Mount Tahoma High School football coach Ricky Daley said he did not believe Lincoln was out of line in the Abes’ 91-0 blowout Friday night.
Lincoln — coached by former NFL quarterback Jon Kitna, who graduated from Central Washington University and spent four seasons with the Seattle Seahawks — led 70-0 at halftime.
Kitna’s son, junior quarterback Jordan Kitna, was 12 of 18 passing for 197 yards and eight touchdowns (seven through the air), Jon Kitna said. All Jordan Kitna’s touchdowns came in the first half.
“I know Jon from before he was a head coach. I know he’s a good man,” Daley said. “We’re good friends. I don’t think they were running up the score. They were trying to get some other guys some work later in the game and we just couldn’t keep them from scoring. We had to go and stop them and we weren’t able to do that.
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“People are going to question (the score), but what are you going to do? Just give us the ball back? They had a lot of short field and that just made it that much easier for them to score. We just have to work on a lot of things.”
Jon Kitna said that none of his starters played in the second half and all 60 players on his roster had a chance to play. He did not blitz from the second quarter on and a pass did not travel more than five yards in the air.
“As I told my coaches at halftime, it was the most difficult thing I think I’ve had to do here is coach the second quarter of that football game because of the commitment to our football players that if the game gets like that, we want them to be able to play the whole first half because they have put in the work,” Kitna said.
“But at the same time, we didn’t want to do anything in that second quarter and beyond that could be misconstrued as rubbing it in someone’s face or going over the top. That was a difficult second quarter.”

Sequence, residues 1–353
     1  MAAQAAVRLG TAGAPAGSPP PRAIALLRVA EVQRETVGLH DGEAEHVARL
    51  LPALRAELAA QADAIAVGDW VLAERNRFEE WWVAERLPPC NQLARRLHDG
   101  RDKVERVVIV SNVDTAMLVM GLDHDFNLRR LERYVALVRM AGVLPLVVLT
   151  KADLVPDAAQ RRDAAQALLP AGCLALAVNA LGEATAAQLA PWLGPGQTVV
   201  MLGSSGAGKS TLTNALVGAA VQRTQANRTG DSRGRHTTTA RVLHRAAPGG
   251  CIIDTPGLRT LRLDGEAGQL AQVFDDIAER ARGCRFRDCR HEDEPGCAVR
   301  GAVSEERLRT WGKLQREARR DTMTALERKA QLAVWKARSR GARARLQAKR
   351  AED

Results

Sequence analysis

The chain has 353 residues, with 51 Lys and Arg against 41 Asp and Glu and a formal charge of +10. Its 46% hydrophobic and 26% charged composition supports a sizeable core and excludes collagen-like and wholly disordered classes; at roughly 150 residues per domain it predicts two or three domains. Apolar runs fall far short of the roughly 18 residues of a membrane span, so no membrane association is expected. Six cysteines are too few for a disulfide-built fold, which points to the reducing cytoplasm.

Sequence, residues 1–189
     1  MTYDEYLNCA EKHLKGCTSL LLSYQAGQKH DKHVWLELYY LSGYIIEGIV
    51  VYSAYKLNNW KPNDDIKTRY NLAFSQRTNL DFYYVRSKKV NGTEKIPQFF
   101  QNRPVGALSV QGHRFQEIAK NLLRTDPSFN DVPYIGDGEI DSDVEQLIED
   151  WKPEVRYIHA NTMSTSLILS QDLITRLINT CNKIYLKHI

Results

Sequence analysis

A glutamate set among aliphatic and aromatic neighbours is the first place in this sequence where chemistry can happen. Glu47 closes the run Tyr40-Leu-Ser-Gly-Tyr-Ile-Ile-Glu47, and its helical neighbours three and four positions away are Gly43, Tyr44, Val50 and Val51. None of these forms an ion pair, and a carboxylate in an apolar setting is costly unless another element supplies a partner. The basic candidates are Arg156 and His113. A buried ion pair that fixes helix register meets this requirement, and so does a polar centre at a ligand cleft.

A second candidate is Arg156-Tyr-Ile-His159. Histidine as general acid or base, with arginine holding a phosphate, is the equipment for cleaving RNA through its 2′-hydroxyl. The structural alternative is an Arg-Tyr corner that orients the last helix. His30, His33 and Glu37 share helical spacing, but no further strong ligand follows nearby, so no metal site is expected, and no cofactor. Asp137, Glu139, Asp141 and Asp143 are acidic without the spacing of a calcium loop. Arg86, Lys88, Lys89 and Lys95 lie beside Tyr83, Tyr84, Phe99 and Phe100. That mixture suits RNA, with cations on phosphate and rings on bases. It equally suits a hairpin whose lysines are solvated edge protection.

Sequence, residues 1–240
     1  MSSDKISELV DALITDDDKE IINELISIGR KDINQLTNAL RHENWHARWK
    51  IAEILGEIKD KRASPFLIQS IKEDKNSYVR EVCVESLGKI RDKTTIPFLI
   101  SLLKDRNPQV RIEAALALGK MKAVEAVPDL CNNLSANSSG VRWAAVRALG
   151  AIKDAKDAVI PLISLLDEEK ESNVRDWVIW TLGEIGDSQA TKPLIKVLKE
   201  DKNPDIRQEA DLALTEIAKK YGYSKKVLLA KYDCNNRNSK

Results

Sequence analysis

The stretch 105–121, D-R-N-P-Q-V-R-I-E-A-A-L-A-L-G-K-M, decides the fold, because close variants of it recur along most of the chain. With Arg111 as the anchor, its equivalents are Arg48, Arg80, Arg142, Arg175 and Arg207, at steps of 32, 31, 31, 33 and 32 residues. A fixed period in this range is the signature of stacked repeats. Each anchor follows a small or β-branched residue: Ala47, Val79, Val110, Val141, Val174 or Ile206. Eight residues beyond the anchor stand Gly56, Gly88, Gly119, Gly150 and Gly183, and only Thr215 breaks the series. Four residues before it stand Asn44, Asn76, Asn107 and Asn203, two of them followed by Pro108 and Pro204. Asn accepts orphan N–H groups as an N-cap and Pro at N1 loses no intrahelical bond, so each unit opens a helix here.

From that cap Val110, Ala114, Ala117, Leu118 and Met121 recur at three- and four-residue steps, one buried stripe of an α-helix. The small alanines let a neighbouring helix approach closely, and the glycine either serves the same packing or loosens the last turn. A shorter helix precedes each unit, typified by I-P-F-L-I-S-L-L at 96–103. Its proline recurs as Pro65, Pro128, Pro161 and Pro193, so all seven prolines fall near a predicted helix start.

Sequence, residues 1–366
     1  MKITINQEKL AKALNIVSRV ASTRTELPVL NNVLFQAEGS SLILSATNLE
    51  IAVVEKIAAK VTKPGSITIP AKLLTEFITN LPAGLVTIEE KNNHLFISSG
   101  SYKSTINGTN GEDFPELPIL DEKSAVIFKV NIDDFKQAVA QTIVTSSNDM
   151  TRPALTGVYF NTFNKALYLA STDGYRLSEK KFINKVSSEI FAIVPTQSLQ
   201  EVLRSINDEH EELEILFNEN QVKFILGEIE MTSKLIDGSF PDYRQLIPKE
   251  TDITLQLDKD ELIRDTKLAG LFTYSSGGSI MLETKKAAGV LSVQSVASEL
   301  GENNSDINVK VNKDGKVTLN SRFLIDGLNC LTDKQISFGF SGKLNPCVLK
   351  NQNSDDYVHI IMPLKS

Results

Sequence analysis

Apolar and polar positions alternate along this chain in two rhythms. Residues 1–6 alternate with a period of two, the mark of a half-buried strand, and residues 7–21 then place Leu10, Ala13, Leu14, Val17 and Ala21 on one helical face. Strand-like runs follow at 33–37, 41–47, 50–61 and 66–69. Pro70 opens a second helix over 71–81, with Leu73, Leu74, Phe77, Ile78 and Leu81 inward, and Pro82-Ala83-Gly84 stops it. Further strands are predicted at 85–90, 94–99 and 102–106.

Sophomore Joey Sinclair replaced Jordan Kitna at quarterback after halftime and freshman Willie Hamilton later replaced Sinclair.
Of the Abes’ 13 total touchdowns, nine came on passes, two on runs, one on Darien Williams’ 35-yard interception return and one on Dehonta Hayes’ 40-yard punt return.
On why so many passing touchdowns: Jon Kitna said Lincoln’s passes act a lot like runs, with a lot of quick passes and screens.
“Outside of just not running the play at all, or taking a knee, I didn’t think there was much that could be done at that point,” Kitna said. “It’s hard because on one end we are trying to preach our guys to not play according to the scoreboard … for our kids, we want them to play hard all the time, winning or losing. So when our backups come in and they are playing really hard in a lopsided game, I don’t really know what to tell them. So you just change what you call as a coach and that’s why we didn’t blitz from the second quarter on and never threw the ball more than five yards in the air in the second half.”
Washington Interscholastic Activities Association rules call for a running clock once a team leads by 40 points or more. The WIAA updated that rule last spring to keep the running clock in effect during official timeouts.
A similar 40-point rule exists in basketball. But there is no “mercy rule” like there is in softball and baseball, where the game ends after five innings if a team leads by 10 runs or more.
A 91-0 game isn’t unprecedented. Elma beat Tenino by the same score in 2002, while, more recently, Lakes beat Sumner 83-0 in 2008.
Aledo of Texas’ 91-0 victory against Western Hills last year sprung a bullying complaint from a Western Hills parent, blaming Aledo coach Tim Buchanan and his staff for not instructing his players to ease up and quit playing hard once the game got out of hand.
But Mount Tahoma’s Daley — in his first year with a program that won its first game since 2011 when it beat Stadium 20-13 in its season opener — said most of Lincoln’s touchdowns Friday were the result of short fields.
“I have no qualms with what happened with Kitna and all that,” Daley said. “I shook his hand afterward and said good game and he said if I needed anything to let him know.
“I told him good win and go represent our league and go take it to everybody else. That is a really good team. That team is dominant. We just got to get better.”
Said Kitna: “As I said when I first got the job, I want high school football in Tacoma to be great and for all the programs in this city to be great. Last night was a tough deal … nobody wanted that. I didn’t want that myself.”